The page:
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The Shyness of Shorty (1910)

Shorty of Bar X arrives at Bailey's place. Hot Joy, the celestial who presides over the culinary department, sees fit to laugh at Shorty's make-up. Shorty fails to appreciate the joke and ... See full summary »

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Ralph Dean ...
Shorty
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Shorty of Bar X arrives at Bailey's place. Hot Joy, the celestial who presides over the culinary department, sees fit to laugh at Shorty's make-up. Shorty fails to appreciate the joke and literally mops the floor with the said Hot Joy, whereat Bailey shows amusement. Shorty, seeing Bailey laughing, inquires if he is laughing at him. Bailey is quick with his apology, which he seconds with an invitation to the bar. Shorty accepts and, as he is about to take a drink, sees a reward notice offering $5,000 for the capture of the Tremper gang of cattle thieves, signed by Ross Turney, the Sheriff of the county. He and Bailey have some conversation about this. Finally Shorty leaves the bar to unhitch his team. While he is in the barn with the horses Ross Turney and his young bride arrive and register at Bailey's. After Shorty has unhitched his team he leaves the stable to go into the hotel when Hot Joy, who is passing with a bucket of fresh water, mutters some Chinese imprecation which falls ... Written by Moving Picture World synopsis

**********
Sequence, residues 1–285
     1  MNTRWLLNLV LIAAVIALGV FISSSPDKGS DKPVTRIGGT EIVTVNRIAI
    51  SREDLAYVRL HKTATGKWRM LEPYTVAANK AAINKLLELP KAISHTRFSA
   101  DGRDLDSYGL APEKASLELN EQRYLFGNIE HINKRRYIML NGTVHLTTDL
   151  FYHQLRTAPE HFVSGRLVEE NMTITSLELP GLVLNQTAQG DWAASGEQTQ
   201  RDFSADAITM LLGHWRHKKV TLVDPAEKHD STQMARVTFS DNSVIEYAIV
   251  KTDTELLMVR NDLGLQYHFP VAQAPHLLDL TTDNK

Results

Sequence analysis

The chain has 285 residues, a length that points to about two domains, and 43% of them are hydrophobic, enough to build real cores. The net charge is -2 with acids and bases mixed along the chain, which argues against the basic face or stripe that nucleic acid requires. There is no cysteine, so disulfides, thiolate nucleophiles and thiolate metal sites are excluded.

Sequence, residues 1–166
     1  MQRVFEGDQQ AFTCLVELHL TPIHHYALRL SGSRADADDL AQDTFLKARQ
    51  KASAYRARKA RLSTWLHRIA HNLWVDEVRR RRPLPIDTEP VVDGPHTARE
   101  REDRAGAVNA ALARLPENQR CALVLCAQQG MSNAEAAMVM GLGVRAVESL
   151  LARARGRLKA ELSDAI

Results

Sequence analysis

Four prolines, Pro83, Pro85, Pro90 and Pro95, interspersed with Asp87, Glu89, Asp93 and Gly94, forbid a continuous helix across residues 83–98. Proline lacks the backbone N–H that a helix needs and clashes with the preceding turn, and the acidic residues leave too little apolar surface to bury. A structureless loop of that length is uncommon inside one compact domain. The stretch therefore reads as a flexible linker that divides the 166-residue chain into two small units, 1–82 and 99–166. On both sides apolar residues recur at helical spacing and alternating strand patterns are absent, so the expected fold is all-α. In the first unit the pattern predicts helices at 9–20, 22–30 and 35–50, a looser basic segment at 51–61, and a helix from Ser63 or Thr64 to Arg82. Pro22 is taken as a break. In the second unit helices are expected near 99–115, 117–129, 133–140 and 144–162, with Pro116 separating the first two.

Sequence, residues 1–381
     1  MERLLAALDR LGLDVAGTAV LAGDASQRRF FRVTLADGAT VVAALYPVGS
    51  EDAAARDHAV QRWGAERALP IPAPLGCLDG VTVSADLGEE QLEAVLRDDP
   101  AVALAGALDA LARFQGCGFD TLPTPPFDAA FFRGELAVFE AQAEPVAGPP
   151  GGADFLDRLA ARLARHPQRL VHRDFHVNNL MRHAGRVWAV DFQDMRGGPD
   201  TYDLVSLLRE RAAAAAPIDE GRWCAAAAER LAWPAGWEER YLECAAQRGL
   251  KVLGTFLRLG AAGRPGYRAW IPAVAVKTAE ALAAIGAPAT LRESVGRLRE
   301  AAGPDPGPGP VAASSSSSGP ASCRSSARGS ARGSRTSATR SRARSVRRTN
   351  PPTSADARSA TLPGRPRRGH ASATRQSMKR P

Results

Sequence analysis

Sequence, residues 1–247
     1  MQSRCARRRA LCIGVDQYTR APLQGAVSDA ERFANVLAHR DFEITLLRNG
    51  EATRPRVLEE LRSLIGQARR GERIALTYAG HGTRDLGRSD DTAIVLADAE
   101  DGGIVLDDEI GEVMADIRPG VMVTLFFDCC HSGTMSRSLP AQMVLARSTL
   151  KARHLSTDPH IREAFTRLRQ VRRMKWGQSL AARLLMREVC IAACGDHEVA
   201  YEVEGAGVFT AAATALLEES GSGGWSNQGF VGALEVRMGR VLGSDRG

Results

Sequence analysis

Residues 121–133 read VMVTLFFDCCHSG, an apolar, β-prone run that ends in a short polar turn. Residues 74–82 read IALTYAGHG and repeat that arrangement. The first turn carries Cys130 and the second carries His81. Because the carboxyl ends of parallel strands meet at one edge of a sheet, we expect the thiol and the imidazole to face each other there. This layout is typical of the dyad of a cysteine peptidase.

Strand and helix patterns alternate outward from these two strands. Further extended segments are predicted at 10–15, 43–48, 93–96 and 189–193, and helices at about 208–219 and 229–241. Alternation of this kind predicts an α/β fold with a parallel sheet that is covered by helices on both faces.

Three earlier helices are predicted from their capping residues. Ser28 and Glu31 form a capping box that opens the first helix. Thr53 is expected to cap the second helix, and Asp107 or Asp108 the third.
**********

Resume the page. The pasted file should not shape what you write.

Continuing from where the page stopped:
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Short | Drama

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7 June 1910 (USA)  »

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1.33 : 1
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Released as a split reel along with the comedy Mr. Bumptious on Birds (1910). See more »

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A character study rather than a swashbuckling representation
16 June 2015 | by See all my reviews

A stirring character study, developed among the bold, free element which made the early West a gathering place for their forage and depredations. Shorty is a little fellow, but he makes it plainly evident at the outset that he is amply able to care for himself under ordinary conditions. The proximity of a woman, however, upsets him temporarily, though he eventually regains his poise. The introduction of the outlaws, their connection with the hotel man and the exciting episode of capturing the sheriff are admirably managed. Then enters Shorty, drunk, it is true, but dangerous, as the outlaws soon discover. Ultimately, with the help of the sheriff's wife, the outlaws are backed up against the wail, and law and order triumph. Like all Western stories, and melodramatic tales of contests with outlaws, this story possesses a peculiar fascination, and one follows every movement of the characters with increasing interest. It is, perhaps, quite within the limit of facts to say that the picture is one of the best depicting the West which has come out in a long time. It is a character study rather than a swashbuckling representation of mere bravado. As such it deserves commendation. - The Moving Picture World, June 18, 1910


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